As we're talking about this story, about Paul and Silas in prison and the chains falling off not just them, but every single prisoner in the place, there's something I've hinted at a bit but never really latched onto, yet, it deserves a conversation. In fact, I was starting to just write the next part of the story that I wanted to be telling, and I noticed that I was mentioning it again, so I decided to stop and, well, let's just talk about it.
It's the fact that Paul and Silas were not praying in that prison.
See, this idea is so foreign to us. We are a people of faith who think that the absolute best thing we can do for another person is to pray for them. We think, perhaps, that the least offensive thing we can do for someone is to pray for them. We think that if we want the power and presence of God to show up in a meaningful way, then it's definitely prayer that will make that happen.
We have spent our lives being taught how to talk to God, the importance of talking to God, the power of talking to God, and on and on and on. We've had a major emphasis in most of our teaching, at least in many mainstream churches, on prayer as the avenue to connection with God.
Strange, then, isn't it? that in the Bible, it's most often praise that is emphasized.
This is true back in the Old Testament when Israel came to offer sacrifices. This was true in the wilderness when Miriam started dancing. This was true when David sat down and wrote, through the course of his life, dozens of psalms - these are songs, folks, not prayers. Even though we today often read them as prayers and use them in our own prayer life.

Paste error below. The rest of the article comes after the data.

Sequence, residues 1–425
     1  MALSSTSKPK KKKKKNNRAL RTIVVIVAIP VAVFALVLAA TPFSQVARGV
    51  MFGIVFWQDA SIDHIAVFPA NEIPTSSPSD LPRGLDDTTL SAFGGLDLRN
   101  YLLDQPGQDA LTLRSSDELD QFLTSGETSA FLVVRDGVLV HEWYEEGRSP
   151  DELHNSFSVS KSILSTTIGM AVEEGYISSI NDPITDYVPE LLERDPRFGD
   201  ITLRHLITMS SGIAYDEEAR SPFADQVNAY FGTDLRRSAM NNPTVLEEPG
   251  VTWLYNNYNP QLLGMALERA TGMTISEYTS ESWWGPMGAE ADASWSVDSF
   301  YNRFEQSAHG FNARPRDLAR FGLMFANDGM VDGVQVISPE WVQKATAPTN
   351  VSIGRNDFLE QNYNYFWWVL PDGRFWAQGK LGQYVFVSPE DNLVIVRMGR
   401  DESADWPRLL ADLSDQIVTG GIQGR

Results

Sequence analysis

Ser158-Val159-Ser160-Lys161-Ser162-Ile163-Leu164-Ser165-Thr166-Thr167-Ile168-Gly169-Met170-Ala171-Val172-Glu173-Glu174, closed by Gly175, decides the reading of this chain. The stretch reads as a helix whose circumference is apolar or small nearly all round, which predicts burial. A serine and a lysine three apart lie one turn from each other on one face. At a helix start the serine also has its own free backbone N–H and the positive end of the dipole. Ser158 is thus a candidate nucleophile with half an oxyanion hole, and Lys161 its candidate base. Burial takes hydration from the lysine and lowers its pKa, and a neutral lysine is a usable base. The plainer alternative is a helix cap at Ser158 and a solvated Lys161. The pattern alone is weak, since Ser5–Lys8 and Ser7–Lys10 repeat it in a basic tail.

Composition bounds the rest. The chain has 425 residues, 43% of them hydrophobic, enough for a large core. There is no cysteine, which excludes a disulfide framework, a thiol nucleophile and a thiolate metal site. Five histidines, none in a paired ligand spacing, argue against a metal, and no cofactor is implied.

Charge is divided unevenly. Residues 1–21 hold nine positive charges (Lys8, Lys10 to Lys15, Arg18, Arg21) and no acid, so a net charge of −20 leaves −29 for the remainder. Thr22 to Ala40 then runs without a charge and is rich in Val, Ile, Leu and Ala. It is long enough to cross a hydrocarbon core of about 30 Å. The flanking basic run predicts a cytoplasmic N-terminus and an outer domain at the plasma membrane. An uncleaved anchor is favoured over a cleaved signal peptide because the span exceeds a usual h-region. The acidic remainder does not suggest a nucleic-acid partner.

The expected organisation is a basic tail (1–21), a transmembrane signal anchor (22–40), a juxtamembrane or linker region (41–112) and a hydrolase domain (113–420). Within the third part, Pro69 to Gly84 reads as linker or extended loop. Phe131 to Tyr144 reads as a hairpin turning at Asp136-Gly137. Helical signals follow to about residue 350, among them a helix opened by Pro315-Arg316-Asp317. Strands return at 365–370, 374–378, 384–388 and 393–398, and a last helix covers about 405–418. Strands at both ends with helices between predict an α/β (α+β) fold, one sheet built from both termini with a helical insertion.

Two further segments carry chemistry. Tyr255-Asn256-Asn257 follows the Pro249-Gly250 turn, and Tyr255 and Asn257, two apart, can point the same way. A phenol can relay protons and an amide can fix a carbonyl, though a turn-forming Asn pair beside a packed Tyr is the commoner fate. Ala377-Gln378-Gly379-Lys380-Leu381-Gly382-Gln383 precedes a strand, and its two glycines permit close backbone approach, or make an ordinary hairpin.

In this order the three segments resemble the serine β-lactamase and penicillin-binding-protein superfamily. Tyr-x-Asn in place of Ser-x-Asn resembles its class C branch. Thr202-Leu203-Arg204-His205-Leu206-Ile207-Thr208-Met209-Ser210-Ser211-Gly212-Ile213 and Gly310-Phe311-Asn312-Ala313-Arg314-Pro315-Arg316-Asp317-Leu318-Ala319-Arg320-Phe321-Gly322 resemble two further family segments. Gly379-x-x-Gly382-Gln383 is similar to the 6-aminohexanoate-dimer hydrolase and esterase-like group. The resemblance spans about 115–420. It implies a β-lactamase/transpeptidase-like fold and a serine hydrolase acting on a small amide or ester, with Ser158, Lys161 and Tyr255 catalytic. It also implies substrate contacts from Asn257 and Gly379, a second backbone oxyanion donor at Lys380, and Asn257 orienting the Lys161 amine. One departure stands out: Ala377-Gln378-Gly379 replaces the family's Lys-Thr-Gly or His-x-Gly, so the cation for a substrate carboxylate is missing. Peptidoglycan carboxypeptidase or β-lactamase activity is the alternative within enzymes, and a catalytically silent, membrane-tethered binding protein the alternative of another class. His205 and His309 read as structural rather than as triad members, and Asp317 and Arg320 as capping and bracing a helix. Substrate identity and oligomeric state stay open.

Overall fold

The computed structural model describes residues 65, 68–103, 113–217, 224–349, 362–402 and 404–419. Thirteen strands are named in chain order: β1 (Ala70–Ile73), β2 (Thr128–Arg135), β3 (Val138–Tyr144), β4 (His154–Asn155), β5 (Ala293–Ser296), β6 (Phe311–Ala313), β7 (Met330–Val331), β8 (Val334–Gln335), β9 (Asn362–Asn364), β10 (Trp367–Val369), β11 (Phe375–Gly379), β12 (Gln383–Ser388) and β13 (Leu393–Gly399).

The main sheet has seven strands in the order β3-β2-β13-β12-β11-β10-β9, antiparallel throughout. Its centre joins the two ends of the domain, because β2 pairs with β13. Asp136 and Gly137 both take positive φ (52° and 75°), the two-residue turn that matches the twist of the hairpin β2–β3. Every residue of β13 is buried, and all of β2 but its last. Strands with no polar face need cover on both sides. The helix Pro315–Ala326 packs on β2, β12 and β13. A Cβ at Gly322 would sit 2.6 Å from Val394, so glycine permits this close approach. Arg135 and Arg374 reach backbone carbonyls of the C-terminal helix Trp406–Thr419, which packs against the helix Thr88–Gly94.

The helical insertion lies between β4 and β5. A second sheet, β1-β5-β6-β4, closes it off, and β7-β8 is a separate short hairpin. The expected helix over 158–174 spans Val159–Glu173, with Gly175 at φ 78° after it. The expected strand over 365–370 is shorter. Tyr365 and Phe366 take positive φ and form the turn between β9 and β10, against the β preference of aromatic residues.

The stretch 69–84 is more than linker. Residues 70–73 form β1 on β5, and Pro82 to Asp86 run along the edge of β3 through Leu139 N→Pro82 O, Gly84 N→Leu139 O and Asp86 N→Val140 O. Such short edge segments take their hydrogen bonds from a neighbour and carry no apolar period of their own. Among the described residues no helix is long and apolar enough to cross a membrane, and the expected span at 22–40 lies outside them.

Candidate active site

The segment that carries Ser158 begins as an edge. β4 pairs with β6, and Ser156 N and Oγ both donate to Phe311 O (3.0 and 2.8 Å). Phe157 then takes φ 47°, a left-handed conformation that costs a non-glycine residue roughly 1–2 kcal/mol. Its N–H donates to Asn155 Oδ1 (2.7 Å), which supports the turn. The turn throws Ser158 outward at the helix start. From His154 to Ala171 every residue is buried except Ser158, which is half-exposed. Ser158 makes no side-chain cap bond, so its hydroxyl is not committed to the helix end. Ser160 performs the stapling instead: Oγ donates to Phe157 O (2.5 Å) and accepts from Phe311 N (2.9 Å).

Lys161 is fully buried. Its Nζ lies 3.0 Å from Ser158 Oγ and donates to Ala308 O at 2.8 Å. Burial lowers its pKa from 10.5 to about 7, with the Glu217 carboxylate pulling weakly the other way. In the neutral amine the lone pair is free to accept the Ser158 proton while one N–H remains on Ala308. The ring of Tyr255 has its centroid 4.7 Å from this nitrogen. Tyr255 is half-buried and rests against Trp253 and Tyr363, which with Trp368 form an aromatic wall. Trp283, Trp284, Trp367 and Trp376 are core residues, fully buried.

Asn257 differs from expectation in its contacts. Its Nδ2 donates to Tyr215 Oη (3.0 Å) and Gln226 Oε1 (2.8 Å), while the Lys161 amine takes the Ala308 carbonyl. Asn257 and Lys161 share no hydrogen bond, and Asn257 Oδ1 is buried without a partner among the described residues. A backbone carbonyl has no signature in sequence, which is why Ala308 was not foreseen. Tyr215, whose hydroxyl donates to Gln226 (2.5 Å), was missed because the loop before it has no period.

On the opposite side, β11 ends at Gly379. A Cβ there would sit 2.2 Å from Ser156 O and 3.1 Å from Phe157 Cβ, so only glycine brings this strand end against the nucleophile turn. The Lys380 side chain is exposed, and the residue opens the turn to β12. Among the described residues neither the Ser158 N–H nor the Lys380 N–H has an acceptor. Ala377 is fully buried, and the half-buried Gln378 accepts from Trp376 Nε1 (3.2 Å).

In the Gospels, we don't see many persons approaching Jesus with prayer. They cry out, and we tell ourselves this is prayer, but look at how much praise is happening around Jesus, too. It's incredible when you really start reading with an eye for this.
And now, here we are with two young believers in prison, just as the movement is getting off the ground, and they aren't praying for God's divine intervention. They aren't praying for God's goodness. They are praising His goodness. And that is when the chains fall off.
It raises an interesting question: what if the world wasn't the object of our prayer, but the witness of our praise? How would it change the way the world sees God?
Let's face it - prayer has gotten kind of a bad reputation. We use it as an opportunity for gossip. It's become passive-aggressive in some cases, as we say snidely, "I'll pray for you." It's too often an empty promise - we say we will pray for someone, but we're really just trying to end the conversation and move on; too many of us don't pray the prayers we promise. It can sound rude to someone who doesn't believe, like we're not actually doing anything at all. And it's extremely (it seems) hands-off; it feels like the very thing the Bible tells us not to do, telling someone to keep warm when we have a coat to offer them. In prayer, too often, we tell someone we'll ask God to keep them warm while our extra coat is right there, draped over our own shoulder.
Praise is...it's just different. It is. Praise isn't a fingers-crossed hope; it's a confident assurance. It comes flowing out of this place that just knows that God is good and isn't waiting on Him to prove it.
Do you see the difference? Paul and Silas could sit in that prison and pray, even pray out loud, and everyone's going to be holding their breath, waiting to see if God is as good as they say He is. Waiting to see if He's good enough to answer. But they don't do that. No, they sing about how good they know He is, and that's far more real in that moment. That's far more relevant to the rest of those prisoners. They don't have to wait to see if God is good; they already know it. After all, what other god has prisoners singing praises in a dark place?
Praise changes things, and our world needs our praise as our witness. Yes, they need our prayer, too, but they need our praise. They need to hear us singing the goodness of God.
There's just something about it.
If you don't believe me, try it.